The Astros were quiet Thursday, but they were active in the days leading up to the big day. They obtained LaTroy Hawkins from the Yankees for Minor League infielder Matt Cusick, 22, minutes before the start of their game with the Reds on Wednesday night. Eight days earlier, they made a deal with the Padres that sent right-hander Chad Reineke, 26, to San Diego in exchange for starting left-hander Randy Wolf, 31.
Wade aggressively pursued Wolf and Hawkins during the offseason, but he lost out on both, due to Wolf's desire to stay on the West Coast and Hawkins' dream to play for the storied Yankees. Despite the Astros' standing in the National League Central Division -- after losing to the Reds Wednesday, they're in fifth place, ahead of only the Pirates -- the club was insistent it would not be sellers through the days and weeks leading up to the Trade Deadline.
Whether the Astros were "buyers," however, is up for interpretation. Some question how much Wolf, a fly ball pitcher with poor results away from pitcher-friendly PETCO Park in San Diego, can help.
Trading for Hawkins, who was designated for assignment by the Yankees five days ago, is also curious to some, who wonder what a 35-year-old journeyman reliever past his prime can do for a team seemingly not contending for a playoff spot this year.
If the Astros are focusing on 2009, the Wolf deal could prove beneficial. A strong two-month performance could help the lefty classify as a Type B free agent, which could net the Astros a compensation pick in next year's First-Year Player Draft, should Wolf reject an arbitration offer.
However, if Wolf were to accept the offer, the Astros would be on the hook for just a one-year deal and would have a serviceable veteran who could anchor the back end of the rotation in '09.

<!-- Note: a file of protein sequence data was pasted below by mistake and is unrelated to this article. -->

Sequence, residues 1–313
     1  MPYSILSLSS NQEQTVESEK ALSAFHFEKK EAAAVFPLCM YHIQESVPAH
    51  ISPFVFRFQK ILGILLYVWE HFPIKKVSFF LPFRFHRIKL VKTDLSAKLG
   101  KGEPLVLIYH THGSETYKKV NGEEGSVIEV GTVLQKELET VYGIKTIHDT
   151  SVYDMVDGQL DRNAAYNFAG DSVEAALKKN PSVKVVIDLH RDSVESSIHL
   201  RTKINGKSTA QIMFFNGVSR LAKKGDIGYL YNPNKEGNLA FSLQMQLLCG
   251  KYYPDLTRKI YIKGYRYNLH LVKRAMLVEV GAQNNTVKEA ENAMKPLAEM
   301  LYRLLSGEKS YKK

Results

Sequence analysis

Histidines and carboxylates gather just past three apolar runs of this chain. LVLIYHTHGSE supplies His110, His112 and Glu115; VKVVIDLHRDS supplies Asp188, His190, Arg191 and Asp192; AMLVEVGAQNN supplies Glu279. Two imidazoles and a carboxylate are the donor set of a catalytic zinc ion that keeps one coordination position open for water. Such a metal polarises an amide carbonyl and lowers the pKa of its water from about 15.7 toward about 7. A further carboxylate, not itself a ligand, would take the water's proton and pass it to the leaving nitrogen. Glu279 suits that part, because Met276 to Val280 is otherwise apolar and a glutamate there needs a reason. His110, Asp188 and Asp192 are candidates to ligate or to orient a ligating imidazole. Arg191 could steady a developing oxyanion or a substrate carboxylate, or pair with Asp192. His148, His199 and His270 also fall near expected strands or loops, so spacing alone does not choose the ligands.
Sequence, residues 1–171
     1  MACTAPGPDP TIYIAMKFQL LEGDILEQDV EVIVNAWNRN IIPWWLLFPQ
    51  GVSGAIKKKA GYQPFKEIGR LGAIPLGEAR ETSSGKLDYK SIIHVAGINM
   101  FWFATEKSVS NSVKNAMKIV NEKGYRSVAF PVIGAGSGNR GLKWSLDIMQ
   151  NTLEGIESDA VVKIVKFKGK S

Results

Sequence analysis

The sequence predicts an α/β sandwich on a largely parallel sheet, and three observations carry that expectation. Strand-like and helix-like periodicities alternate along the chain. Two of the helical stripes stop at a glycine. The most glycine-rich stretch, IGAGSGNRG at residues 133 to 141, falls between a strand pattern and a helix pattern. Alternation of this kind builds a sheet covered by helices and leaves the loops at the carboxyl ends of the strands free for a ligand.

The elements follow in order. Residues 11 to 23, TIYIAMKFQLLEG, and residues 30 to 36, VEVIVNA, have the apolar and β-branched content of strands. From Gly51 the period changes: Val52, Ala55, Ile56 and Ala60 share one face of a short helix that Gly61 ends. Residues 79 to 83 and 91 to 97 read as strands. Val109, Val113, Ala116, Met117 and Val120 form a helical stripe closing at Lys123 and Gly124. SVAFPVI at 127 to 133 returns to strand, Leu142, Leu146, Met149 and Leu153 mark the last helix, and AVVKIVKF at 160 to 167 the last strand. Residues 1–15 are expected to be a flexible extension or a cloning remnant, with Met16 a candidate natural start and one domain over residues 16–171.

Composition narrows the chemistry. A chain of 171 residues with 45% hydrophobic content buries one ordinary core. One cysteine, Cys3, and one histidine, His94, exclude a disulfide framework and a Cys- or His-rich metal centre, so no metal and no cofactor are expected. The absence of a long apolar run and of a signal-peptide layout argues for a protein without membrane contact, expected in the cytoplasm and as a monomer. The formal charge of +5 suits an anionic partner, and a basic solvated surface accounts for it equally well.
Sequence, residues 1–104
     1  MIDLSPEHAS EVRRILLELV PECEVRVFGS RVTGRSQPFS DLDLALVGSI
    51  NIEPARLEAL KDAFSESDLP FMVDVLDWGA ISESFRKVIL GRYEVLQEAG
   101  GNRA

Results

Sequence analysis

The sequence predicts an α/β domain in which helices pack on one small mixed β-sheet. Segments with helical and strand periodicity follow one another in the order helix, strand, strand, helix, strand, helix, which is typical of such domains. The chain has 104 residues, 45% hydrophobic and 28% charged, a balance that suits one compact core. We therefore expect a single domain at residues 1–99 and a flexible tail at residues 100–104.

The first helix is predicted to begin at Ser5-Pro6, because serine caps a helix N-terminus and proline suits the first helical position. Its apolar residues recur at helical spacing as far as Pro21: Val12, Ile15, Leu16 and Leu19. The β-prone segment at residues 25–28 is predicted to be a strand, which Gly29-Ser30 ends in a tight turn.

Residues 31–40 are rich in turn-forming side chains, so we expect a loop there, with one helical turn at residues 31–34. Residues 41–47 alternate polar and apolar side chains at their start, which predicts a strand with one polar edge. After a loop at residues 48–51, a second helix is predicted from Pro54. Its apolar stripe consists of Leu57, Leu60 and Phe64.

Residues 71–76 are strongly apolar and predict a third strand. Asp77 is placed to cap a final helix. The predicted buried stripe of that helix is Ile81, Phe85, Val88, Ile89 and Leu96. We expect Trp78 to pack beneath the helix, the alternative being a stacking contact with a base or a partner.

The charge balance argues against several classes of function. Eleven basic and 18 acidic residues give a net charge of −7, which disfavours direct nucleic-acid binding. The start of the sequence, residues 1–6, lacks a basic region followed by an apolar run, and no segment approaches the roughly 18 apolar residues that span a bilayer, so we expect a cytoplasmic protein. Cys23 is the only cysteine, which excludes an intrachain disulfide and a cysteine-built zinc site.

Hawkins' value can perhaps best be measured by how much relief he provides -- specifically, to his bullpen mates. Doug Brocail isn't the only reliever who has been overworked, and if nothing else, Hawkins could alleviate the workload dumped on a handful of arms whom the Astros need beyond this year. That includes the emerging Chris Sampson, who has been called on recently to pitch multiple innings, several days in a row, and in games that the Astros are losing by a significant margin.
While addressing reporters at Union Station soon after the Deadline passed, Wade firmly reiterated his belief in the team and its chances to be competitive with less than two months remaining in the season, which is why the Astros did not fall into the "seller" category during the trade season.
"We haven't given up," he said. "We like our club. We like the talent we have here," Wade said. "When people say, 'Give up on the season,' or 'Become sellers,' I understand that at different points in time, circumstances dictate that if you have an opporutunity to add young players for the long term, that you try to do that. We wouldn't walk past that opportunity.
"But the core group of players we have, we expect to have here for a long time. We expect Lance Berkman to be here, we expect Carlos Lee, Roy Oswalt, Miguel Tejada, Hunter Pence ... we could have traded Hunter to 100 different teams over the last couple months. We believe in the core group of players we have here."
The Astros did make one minor transaction just as the Deadline expired when they claimed right-hander Alberto Arias off waivers from the Colorado Rockies and optioned him to Triple-A Round Rock. Arias will report to Round Rock on Friday.
Arias, 24, has appeared in 12 games for the Rockies in 2008, posting a 2.63 ERA from May 7-June 2. In 30 games for Triple-A Colorado Springs this season, Arias was 3-4 with a 4.73 ERA and 41 strikeouts over 45 2/3 innings pitched. He was designated for assignment by the Rockies on Tuesday to make room on the 40-man roster for outfielder Cory Sullivan.
The Astros also designated right-hander Chad Paronto for assignment in order to make room for Hawkins on the 25-man roster. The Astros have 10 days to trade, release or reassign Paronto the Minor Leagues.